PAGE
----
On The Cover: Singer-songwriter and front man of the great Canadian band Great Big Sea, Alan Doyle is also a lyrical storyteller and a creative force. In Where I Belong, Alan paints a vivid, raucous and heartwarming portrait of a curious young lad born into the small coastal fishing community of Petty Harbour, Newfoundland, and destined to become a renowned musician who carried the musical tradition of generations before him and brought his signature sound to the world. He tells of a childhood surrounded by larger-than-life characters who made an indelible impression on his music and work; of his first job on the wharf cutting out cod tongues for fishermen; of growing up in a family of five in a two-bedroom house with a beef-bucket as a toilet, yet lacking nothing; of learning at his father’s knee how to sing the story of a song and learning from his mother how to simply “be good”; and finally, of how everything he ever learned as a kid prepared him for that pivotal moment when he became part of Great Big Sea and sailed away on what would be the greatest musical adventure of his life.
Filled with the lore and traditions of the East Coast and told in a voice that is at once captivating and refreshingly candid, this is a narrative journey about small-town life, curiosity and creative fulfillment, and finally, about leaving everything you know behind only to learn that no matter where you go, home will always be with you.
Why I Chose It: As a Great Big Sea fan I was immediately curious about Doyle’s memoir and the tales of Petty Harbour, Newfoundland.
In the “Author’s Note” Doyle begins by saying “I am from Newfoundland. Therefore, I am a bit of a story-teller.” (p xiii) By far that is the strength of this book. The style of writing is incredibly easy to read. It seems to flow naturally off of the page, and seems almost elegant. Yet each story remains interesting and funny and entertaining. While not quite linear, the book does make its way from the childhood of Doyle to the creation of Great Big Sea. It is almost as if this book contains many short stories, yet collectively they create the young life of Alan Doyle, and it’s a really enjoyable story.
There is a really great amount of culture held within this book. As the story surrounds a Canadian, but more importantly a Newfoundlander, Doyle properly represents that heritage in his stories. There were many different aspects of life in Petty Harbour, such as working with the fishermen on the wharf, the religious culture, and of course the singing parties. There were also really great pictures capturing the heart of each story. I want to call this book quaint, simply because I felt immersed in the culture of the coastal Newfoundland town and it was a highly enjoyable experience.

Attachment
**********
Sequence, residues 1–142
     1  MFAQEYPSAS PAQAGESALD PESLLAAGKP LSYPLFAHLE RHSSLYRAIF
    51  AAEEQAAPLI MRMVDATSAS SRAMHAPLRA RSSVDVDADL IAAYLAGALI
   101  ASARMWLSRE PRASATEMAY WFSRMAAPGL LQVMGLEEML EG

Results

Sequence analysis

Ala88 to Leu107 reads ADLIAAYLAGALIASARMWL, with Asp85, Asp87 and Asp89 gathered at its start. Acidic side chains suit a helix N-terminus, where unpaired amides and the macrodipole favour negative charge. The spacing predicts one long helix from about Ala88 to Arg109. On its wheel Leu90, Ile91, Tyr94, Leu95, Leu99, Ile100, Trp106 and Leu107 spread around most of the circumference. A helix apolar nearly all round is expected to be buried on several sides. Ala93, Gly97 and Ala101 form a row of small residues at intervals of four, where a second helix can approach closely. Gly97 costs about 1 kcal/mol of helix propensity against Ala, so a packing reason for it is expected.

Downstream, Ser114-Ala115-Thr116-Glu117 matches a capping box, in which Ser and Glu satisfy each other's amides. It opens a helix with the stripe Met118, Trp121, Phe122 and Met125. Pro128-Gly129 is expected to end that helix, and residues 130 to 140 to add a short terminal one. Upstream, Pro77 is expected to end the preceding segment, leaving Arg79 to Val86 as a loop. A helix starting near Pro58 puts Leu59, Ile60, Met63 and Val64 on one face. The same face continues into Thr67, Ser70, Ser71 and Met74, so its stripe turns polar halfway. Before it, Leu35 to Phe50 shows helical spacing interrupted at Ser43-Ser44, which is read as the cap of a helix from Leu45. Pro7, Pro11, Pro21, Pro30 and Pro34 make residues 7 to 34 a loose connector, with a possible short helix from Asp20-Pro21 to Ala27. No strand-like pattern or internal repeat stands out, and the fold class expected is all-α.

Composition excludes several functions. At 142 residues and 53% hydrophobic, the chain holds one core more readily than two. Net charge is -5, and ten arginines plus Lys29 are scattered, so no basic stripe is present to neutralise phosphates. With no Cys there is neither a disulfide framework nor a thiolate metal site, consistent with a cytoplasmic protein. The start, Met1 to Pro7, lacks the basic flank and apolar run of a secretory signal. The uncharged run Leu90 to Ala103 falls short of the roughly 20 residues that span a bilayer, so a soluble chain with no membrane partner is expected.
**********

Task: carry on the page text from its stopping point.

This story focuses on Doyle’s life before Great Big Sea. Doyle joined the band when he was 24, so appropriately this memoir really is about his childhood growing up in Petty Harbour. I really enjoyed the window into Doyle’s childhood, though there were perhaps a few too many stories of a young boy’s curiosity about girls and sex. While I wish there had been more stories about Doyle’s teen life or his involvement in Great Big Sea, I do like how the theme of this book stayed focused on the coastal town, and it was really great hearing about how he learned to sing and play guitar. I would be really interested if Doyle wrote more memoirs about the band or his later years. Definitely check this one out if you’re a fan of Great Big Sea or interested in the cultural life of Atlantic Canada.
Rating: 4 / 5
“We wondered what this man could possibly be doing there in one spot for so long, not lifting or hauling or building anything. He held a long paintbrush in one hand and a flat piece of board in the other, which was dotted with reds and blues and greens. His longer than local hair lifted and fell gently in the spring breeze. As we often did when a new person showed up in town, we came to an unspoken yet unanimous decision that we should throw rocks at him and run up behind the church when he chased us.” p 26
“(Note for Mainlanders: a lobster pound is an onshore holding tank for lobsters, where sea water is pumped in to keep the creatures alive and kicking until they’re sold and moved. I was shocked when my editor told me I had to explain this.)” p 29
“Every now and again, I’d see Sean or his bandmate Darrell Power lurking in the back of one of my gigs, listening to a song or two. Even then, they were pretty well known, so it was hard for them to hide. Bob tells me of how in the dying days of Rankin Street, in 1992, Sean returned to their packed house at Nautical Nellies and whispered to Bob, ‘I just saw the guy we need for our new band. He’s a Doyle from Petty Harbour.'” p 278